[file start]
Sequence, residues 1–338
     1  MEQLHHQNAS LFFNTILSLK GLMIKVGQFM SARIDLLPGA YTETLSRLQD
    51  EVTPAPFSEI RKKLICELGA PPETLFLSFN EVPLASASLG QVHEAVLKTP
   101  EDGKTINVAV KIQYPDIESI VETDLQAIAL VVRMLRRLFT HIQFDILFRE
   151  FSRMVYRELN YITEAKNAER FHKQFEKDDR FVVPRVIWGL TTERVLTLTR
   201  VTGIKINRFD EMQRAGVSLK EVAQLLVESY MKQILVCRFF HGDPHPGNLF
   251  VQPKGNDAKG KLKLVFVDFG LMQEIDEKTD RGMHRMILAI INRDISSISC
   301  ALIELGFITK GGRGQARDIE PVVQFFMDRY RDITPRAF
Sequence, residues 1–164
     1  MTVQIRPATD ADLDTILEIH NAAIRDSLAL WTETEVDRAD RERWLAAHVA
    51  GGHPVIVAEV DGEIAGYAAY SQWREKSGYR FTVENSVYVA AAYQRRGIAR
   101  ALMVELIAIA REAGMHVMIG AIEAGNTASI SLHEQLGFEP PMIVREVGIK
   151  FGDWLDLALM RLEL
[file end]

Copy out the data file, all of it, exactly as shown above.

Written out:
Sequence, residues 1–338
     1  MEQLHHQNAS LFFNTILSLK GLMIKVGQFM SARIDLLPGA YTETLSRLQD
    51  EVTPAPFSEI RKKLICELGA PPETLFLSFN EVPLASASLG QVHEAVLKTP
   101  EDGKTINVAV KIQYPDIESI VETDLQAIAL VVRMLRRLFT HIQFDILFRE
   151  FSRMVYRELN YITEAKNAER FHKQFEKDDR FVVPRVIWGL TTERVLTLTR
   201  VTGIKINRFD EMQRAGVSLK EVAQLLVESY MKQILVCRFF HGDPHPGNLF
   251  VQPKGNDAKG KLKLVFVDFG LMQEIDEKTD RGMHRMILAI INRDISSISC
   301  ALIELGFITK GGRGQARDIE PVVQFFMDRY RDITPRAF
Sequence, residues 1–164
     1  MTVQIRPATD ADLDTILEIH NAAIRDSLAL WTETEVDRAD RERWLAAHVA
    51  GGHPVIVAEV DGEIAGYAAY SQWREKSGYR FTVENSVYVA AAYQRRGIAR
   101  ALMVELIAIA REAGMHVMIG AIEAGNTASI SLHEQLGFEP PMIVREVGIK
   151  FGDWLDLALM RLEL